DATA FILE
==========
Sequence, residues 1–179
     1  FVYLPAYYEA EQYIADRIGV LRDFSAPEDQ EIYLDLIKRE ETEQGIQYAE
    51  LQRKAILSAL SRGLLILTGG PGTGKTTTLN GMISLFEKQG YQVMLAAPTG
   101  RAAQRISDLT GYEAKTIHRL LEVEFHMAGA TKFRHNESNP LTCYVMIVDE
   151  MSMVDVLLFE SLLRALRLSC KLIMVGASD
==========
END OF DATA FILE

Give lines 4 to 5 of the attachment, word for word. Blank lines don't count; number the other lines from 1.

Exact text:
   101  RAAQRISDLT GYEAKTIHRL LEVEFHMAGA TKFRHNESNP LTCYVMIVDE
   151  MSMVDVLLFE SLLRALRLSC KLIMVGASD